Have you ever wondered about that? Why, when appraising people’s capacity for extreme villainy, or disavowing our own, do we use axe-murder as a catch-all term?
Is axe-murder a particularly horrible form of murder? I’d certainly prefer it to being killed by any number of other esoteric tools. An implement more well-suited to the task, like a machete, strikes me as a lot more brutal; whereas something particularly unsuited to the task, like a two-handed barrette file, must result in a murder so inefficient and laborious that it can’t be satisfying for either participant.
Could it be a generally more concerning form of murder? Well, not really. The overwhelming majority of murder weapons are knives in the UK and firearms in the US. You never hear anyone jokingly say they don’t intend to shiv you. No, there are countless other instruments of death we should be far more worried about.
You could say that it’s the specific nature of the implement that makes it so sinister. If you’re specifically an axe-murderer, shunning all other methods of doing people in, in favour of a relatively obscure piece of killing paraphernalia, that might suggest you’re particularly more horrible than a run-of-the-mill butcher-knife-murderer. Well, maybe, but given how uncommon axes are in this day and age, I’d rather murderers were axe-murderers. Better they require a cumbersome and hard-to-obtain object to do their killings than one which is ubiquitous.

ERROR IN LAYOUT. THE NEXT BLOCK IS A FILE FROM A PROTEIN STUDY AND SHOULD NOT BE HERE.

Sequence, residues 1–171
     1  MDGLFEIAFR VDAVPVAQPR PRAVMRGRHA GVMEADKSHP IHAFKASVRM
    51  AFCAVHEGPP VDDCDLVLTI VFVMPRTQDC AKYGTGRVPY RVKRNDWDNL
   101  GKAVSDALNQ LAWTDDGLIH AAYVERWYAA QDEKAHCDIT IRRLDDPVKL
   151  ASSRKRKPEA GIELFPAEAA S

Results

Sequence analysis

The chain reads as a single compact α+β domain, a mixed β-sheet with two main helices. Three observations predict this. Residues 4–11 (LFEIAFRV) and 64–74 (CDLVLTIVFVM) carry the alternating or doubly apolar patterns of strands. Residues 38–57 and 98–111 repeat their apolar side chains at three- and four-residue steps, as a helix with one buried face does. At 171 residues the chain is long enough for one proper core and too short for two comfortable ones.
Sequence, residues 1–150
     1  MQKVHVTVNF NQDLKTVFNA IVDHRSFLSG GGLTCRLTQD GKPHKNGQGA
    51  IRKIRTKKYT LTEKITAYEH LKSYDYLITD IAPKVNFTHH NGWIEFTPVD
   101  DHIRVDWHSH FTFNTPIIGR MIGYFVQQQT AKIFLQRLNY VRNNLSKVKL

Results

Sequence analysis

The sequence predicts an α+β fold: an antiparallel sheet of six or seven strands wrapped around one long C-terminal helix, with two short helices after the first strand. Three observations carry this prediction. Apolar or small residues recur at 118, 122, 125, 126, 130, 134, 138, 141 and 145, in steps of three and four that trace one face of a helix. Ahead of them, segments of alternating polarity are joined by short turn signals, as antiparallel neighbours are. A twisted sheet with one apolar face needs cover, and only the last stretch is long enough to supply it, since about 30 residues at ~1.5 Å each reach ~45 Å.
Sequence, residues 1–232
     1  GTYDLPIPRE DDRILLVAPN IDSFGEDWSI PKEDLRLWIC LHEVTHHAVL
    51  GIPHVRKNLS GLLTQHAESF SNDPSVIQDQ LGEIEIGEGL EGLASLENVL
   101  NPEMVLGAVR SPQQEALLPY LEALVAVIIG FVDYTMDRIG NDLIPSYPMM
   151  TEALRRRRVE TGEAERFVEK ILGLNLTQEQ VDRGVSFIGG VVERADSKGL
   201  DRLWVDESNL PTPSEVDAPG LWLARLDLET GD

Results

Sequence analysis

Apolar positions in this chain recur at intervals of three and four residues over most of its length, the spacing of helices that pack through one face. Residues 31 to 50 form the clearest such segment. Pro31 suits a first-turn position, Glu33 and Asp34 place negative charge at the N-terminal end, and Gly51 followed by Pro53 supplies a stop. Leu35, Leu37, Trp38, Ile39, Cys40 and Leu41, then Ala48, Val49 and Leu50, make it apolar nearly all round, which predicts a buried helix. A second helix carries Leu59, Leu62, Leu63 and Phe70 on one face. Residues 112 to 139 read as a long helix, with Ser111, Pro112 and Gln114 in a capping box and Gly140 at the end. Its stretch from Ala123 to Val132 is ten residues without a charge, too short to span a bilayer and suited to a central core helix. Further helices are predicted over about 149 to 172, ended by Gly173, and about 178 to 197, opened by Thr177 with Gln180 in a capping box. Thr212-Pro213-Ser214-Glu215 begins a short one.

The only explanation I can think of as to why we use axe-murderers in this fashion is because they’re so uncommon and aberrant. I mean, I know they’re axe-murderers and all, but since when has it been considered good form to pick on a minority? As a group, genuine axe-murderers must feel unduly singled out by this practice. Next time you refer to them, spare a thought for their feelings.